Student-15: Perhaps the ability to accept the reality of death and impermanence, once accepted in the same way as we accept birth and all other aspects of our life; birth not being possible without death. It’s simply an is-ness, it’s part of the trip, and perhaps that understanding enables going into death in a joyful manner, almost a celebratory manner, if a person perhaps is able to embody the acceptance of death in that way.
How does our ego, or the way in which we see ourselves or wish that others perceive us, impact the way in which we relate to everything changing, nothing lasts forever?
Ken: Okay. We need to stop here. How to chew up an hour very quickly. Did it seem like an hour? It’s a different way of having a conversation. And at least from where I was sitting, it’s really quite wonderful to feel the attention in both the questions and the responses. In a few minutes we’ll take a break, start meditation at 10:30. And in the meditation this morning I want you to continue with the same reflection that I put forward last night. “Everything changes, nothing stays the same,” and holding that statement and experiencing what arises in association with it. The resistance, the acceptance, and everything in between.
Now, there are a few points which I want to touch on that were raised in here. And one of the reasons I like this process is that I get to hear questions that I would never hear in any other situation, I think. So, “Do I need to quiet the mind?” Well, in Buddhist circles it would be, like “Well, of course you do!”
But the question invites a wonderful exploration in potentially several different directions. One direction is, “Okay, I’ve heard it’s good to quiet the mind. Does that have any place in my life?” And it brings you in touch with the whole question about intention in practice. “What am I actually doing here?” That’s one direction. But another maybe related, maybe different, direction is, “What exactly does it mean to quiet the mind? Does that mean having no thoughts? Or does that mean not being disturbed by thoughts?” Or, “What does it mean?”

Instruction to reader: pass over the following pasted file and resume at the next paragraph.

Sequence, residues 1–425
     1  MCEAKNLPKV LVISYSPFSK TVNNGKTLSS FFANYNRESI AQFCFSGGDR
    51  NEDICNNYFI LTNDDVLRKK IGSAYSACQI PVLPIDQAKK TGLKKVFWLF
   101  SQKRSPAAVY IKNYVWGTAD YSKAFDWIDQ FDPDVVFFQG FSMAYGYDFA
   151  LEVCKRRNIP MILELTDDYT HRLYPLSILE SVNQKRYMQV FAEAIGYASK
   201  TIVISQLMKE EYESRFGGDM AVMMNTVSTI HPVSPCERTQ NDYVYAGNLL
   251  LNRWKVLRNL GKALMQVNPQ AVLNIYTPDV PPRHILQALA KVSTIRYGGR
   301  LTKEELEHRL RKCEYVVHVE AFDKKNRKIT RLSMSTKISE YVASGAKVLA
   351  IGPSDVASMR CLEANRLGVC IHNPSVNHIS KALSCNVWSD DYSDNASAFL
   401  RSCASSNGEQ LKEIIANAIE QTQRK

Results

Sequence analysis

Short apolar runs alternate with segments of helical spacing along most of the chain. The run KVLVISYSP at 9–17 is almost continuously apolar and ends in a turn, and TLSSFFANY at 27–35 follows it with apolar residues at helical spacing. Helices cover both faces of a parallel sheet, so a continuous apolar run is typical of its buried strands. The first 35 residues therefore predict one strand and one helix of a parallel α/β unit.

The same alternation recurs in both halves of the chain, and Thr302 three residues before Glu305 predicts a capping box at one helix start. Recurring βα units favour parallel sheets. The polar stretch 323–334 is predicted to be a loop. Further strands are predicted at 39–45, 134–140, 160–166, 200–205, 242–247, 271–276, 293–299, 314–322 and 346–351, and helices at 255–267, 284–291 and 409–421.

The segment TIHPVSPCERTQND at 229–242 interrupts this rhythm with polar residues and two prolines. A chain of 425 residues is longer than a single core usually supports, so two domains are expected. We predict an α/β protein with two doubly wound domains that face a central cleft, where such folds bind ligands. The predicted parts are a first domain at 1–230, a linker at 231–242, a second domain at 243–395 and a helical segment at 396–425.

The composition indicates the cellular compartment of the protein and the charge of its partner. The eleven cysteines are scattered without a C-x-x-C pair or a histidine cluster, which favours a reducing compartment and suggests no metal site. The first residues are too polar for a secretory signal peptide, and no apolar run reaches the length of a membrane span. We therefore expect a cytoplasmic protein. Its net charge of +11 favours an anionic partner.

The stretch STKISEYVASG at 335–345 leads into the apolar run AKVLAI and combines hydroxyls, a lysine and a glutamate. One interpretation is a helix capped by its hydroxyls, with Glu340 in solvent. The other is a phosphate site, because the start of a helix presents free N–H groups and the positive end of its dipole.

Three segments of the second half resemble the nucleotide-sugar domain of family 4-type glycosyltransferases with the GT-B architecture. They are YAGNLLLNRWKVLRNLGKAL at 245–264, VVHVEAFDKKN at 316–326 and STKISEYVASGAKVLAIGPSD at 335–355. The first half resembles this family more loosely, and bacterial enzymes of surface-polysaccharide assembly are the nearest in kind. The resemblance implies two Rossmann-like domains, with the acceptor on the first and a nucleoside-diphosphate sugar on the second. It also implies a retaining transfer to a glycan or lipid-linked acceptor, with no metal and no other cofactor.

So questions like this invite us to look at things in different ways, re-examining our intentions and exploring potentially very different relationships with elements of our experience that we just take for granted. Or goals and ideals that we take for granted.
I’m reminded of the story from the Zen tradition of this monk who comes to the teacher says, “I can’t quiet my mind. What do I do?” And the teacher says “Show me your mind.” And the student replies, “I can’t find it.” To which the teacher responds, “Done.” [Laughter.]
And then there was the point made that clinging to truth causes suffering. Or clinging to truths causes suffering. I think that’s worth thinking about, because part of us looks and longs, possibly, for something to hold onto which doesn’t change.
And then the comments about grief and the sadness which comes up with this statement of the obvious: everything changes, nothing stays the same. It brings up a certain sadness or grief or seems to. And what I want to suggest here is that maybe one of the reasons the statement brings up sadness and grief is because we see or sense—maybe we don’t even see but just sense—that much of the grief we cause or experience comes from our own inability to accept change. So I think you’ve got plenty to work with.
|This transcript by Ken McLeod is licensed under a Creative Commons Attribution-Noncommercial-No Derivative Works 3.0 United States License. This transcript has been edited to make it more readable. There may be minor differences between the audio file and the transcript.|